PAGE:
A panacea is a substance which is capable of curing all disease. As you might imagine from the well-stocked shelves at your local drugstore, no one has been able to find a panacea, although people have certainly tried. The myth of a panacea endures to this day in some corners of the alternative medical field, and a variety of products have been sold to the unwitting public as “panaceas.” As a general rule, if a medicine is labeled as universal, there is a strong probability it won't work for anything, not to mention everything.
In addition to being used to refer to a cureall medicine, people can also describe the cure to social, environmental, or political problems as a “panacea.” In this sense, many people use the term pejoratively, with the goal of undercutting people who believe that there is a simple and quick fix to a problem. When people talk about a panacea for a social problem, they suggest that someone's wishful thinking is clouding their judgment.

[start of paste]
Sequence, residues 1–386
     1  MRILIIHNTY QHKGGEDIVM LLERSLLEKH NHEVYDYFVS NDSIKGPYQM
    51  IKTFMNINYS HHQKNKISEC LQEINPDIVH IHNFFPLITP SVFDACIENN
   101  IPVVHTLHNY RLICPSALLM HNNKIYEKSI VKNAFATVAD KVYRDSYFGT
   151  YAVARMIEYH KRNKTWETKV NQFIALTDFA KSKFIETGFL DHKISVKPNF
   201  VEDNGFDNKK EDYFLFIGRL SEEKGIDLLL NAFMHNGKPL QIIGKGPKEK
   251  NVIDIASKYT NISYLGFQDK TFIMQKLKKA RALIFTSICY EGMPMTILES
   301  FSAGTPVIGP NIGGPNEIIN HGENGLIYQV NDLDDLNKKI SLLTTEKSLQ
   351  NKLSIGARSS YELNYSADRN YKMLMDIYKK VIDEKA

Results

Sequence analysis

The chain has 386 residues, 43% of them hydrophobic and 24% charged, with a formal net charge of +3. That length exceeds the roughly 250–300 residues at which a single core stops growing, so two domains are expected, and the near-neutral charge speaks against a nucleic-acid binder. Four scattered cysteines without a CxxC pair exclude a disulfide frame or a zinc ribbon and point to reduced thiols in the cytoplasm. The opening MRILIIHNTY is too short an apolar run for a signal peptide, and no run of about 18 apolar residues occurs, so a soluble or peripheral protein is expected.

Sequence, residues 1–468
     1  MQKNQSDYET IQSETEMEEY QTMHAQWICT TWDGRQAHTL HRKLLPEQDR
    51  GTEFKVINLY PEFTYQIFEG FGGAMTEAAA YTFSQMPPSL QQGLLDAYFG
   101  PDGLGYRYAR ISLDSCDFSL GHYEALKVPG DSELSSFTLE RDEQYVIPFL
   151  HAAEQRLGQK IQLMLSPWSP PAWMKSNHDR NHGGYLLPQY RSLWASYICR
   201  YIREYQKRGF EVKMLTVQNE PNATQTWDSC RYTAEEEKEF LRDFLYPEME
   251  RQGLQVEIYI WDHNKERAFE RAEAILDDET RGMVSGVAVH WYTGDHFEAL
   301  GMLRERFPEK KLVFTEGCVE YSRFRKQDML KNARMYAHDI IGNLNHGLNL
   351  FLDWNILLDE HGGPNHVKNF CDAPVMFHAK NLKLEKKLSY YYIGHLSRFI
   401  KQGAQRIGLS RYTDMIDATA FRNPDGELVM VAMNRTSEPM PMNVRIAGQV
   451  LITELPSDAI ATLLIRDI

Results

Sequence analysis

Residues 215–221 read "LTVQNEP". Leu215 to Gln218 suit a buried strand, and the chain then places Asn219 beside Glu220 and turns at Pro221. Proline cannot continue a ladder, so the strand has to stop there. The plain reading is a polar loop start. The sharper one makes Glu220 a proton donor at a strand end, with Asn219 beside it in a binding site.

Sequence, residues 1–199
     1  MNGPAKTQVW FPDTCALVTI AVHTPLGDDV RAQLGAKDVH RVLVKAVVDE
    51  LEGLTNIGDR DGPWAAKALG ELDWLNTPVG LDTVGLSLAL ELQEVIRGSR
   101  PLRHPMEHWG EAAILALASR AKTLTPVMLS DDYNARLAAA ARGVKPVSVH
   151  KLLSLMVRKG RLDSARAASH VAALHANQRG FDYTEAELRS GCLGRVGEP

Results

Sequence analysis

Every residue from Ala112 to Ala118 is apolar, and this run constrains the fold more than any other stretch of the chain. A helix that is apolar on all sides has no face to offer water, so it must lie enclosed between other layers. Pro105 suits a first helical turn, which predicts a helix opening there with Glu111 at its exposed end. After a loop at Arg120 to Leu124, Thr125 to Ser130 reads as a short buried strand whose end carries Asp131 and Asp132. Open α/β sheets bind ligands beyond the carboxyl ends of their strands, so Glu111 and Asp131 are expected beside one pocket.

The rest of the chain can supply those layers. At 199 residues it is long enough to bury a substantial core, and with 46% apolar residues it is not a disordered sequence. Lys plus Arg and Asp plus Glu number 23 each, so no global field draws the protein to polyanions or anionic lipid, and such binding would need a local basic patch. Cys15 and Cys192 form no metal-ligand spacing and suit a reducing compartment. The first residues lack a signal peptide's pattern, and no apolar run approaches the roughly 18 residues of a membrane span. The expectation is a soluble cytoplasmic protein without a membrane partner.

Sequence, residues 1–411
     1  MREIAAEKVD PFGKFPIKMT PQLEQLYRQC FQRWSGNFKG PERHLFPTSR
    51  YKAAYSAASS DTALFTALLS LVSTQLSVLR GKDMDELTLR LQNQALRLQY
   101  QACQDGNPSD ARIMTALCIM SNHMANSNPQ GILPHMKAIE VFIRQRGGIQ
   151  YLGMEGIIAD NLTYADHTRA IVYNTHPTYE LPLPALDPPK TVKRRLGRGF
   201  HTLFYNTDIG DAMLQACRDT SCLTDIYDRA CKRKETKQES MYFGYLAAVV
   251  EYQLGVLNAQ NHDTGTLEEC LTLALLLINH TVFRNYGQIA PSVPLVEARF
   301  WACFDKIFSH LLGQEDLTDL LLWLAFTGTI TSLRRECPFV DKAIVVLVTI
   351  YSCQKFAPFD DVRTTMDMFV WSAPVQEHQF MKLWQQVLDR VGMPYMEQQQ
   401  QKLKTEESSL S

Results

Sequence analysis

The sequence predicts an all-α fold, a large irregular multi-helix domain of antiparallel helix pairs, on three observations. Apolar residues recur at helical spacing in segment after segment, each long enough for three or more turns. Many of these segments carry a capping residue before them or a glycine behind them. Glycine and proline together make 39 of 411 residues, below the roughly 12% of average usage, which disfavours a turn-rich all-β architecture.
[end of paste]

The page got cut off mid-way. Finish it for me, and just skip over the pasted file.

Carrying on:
Although most people today accept that fact that a panacea will probably never be discovered, historically, people believed that such a substance could be found, with application and hard work. Alchemists in the Middle Ages struggled to discover a panacea, believing that in addition to curing disease, the substance would also be able to transform base metals into gold. In the 1800s, charlatans sold panaceas to the general public, claiming that their patent medicines could cure all ills and fortify the body. Far from curing disease, many of these spurious products were actually dangerous.
The panacea is named for Panacea, the Greek goddess of health. The granddaughter of Apollo and the daughter of Asclepius, the father of medicine, Panacea had an assortment of brothers and sisters, including Hygieia, the goddess of cleanliness. According to legend, Panacea carried some sort of elixir or herbal blend which she used to heal the sick. Being a goddess, of course, she was capable of formulating a medicine which apparently worked for everything.
In a biochemical sense, a panacea is next to impossible, if not entirely so. Numerous agents cause disease, including viruses, fungi, bacteria, and prions, among others, and it would be very challenging to devise a medication which could target all potential ages of disease. Developing a panacea which would also address inflammation, physical damage, and other disease complications would be quite a feat indeed.